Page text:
Bush Confronts Critics of Iraq Policies
By JENNIFER LOVEN | The Associated Press | September 30, 2006
WASHINGTON -- Gloves-off election-year rhetoric hit the radio Saturday, as President Bush argued that critics are wrongheaded to argue for a different policy in Iraq while Democrats suggested Bush is more interested in politically helpful slogans than success in the war.
With just over five weeks to go before midterm elections in which GOP control of Congress could be at risk, Democrats have been citing a government intelligence assessment to bolster their criticism of Bush's approach to Iraq. The classified National Intelligence Estimate, parts of which Bush declassified earlier this week, says the Iraq war has contributed to a global growth in the terrorist movement, but it also says success there could drain jihadists of momentum.
The president has been fighting back against the Democratic attacks with a series of appearances, and he recycled many lines from earlier in the week in his Saturday radio address.
"Some in Washington have selectively quoted from this document to make the case that by fighting the terrorists in Iraq, we are making our people less secure here at home," Bush said. "Five years after the 9/11 attacks, some people in Washington still do not understand the nature of the enemy. The only way to protect our citizens at home is to go on the offense against the enemy across the world."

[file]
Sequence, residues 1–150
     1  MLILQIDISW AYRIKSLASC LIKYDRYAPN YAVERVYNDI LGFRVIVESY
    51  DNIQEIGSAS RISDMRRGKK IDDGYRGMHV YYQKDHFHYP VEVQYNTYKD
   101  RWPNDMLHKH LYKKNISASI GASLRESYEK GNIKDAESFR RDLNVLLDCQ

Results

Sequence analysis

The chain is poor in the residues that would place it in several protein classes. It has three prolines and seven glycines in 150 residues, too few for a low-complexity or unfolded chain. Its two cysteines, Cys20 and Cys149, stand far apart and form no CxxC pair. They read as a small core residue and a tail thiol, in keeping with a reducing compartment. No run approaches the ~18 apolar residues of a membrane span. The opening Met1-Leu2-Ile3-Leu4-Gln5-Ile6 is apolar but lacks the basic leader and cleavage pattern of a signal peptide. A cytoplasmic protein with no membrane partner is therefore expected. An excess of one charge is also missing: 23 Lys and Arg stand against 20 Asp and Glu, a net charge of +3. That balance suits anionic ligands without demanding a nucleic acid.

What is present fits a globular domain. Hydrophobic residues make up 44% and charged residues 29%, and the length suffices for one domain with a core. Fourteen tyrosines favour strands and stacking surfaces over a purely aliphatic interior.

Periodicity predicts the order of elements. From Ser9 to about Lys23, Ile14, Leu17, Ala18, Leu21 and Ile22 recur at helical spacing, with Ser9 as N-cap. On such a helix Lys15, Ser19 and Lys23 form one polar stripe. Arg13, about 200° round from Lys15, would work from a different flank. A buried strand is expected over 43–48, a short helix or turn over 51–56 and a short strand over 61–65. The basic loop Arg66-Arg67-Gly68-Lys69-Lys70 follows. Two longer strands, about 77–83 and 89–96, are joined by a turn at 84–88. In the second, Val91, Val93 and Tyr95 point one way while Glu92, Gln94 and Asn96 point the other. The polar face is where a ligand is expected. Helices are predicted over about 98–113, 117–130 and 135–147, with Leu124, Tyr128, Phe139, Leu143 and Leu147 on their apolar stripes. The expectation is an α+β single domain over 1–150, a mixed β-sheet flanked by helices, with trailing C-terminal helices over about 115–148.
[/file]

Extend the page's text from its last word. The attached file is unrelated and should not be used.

Democrats chose Tammy Duckworth, an Army helicopter pilot who lost both legs in Iraq and now is running for Congress in Illinois, to respond.
"Anyone who challenges our failed policies, or suggests the need for a new strategy, is accused of 'cutting and running,'" Duckworth said. "Well, I didn't cut and run, Mr. President. Like so many others, I proudly fought and sacrificed. ... And I believe the brave men and women who are serving in Iraq today, their families and the American people deserve more than the same empty slogans and political name-calling."
Duckworth, who faces Republican Peter Roskam for an open seat, was referring to a Bush speech Thursday at a GOP fundraiser in Alabama. "The party of FDR and the party of Harry Truman has become the party of cut and run," Bush said then.
He also charged in Alabama that "some in Washington, some decent people, patriotic people, feel like we should not be on the offensive in this war on terror," without offering any evidence of such remarks.
White House press secretary Tony Snow acknowledged Friday that no Democrats have said directly that they do not want to take the offensive against terrorists, but he defended Bush's no-holds-barred politicking.
"I think there's been a lot of ratcheting up of rhetoric on the other side where the president has been accused of everything from dereliction of duty to not caring about what happens to people who have been claimed on the battlefields," Snow said. "The point the president is trying to make is, there are going to be some clear choices."
Bush argued Saturday that maintaining the U.S. presence in Iraq is crucial to winning the broader war on terror.
"Our safety depends on the outcome of the battle in Iraq," he said. "Withdrawing from Iraq before the enemy is defeated would embolden the terrorists."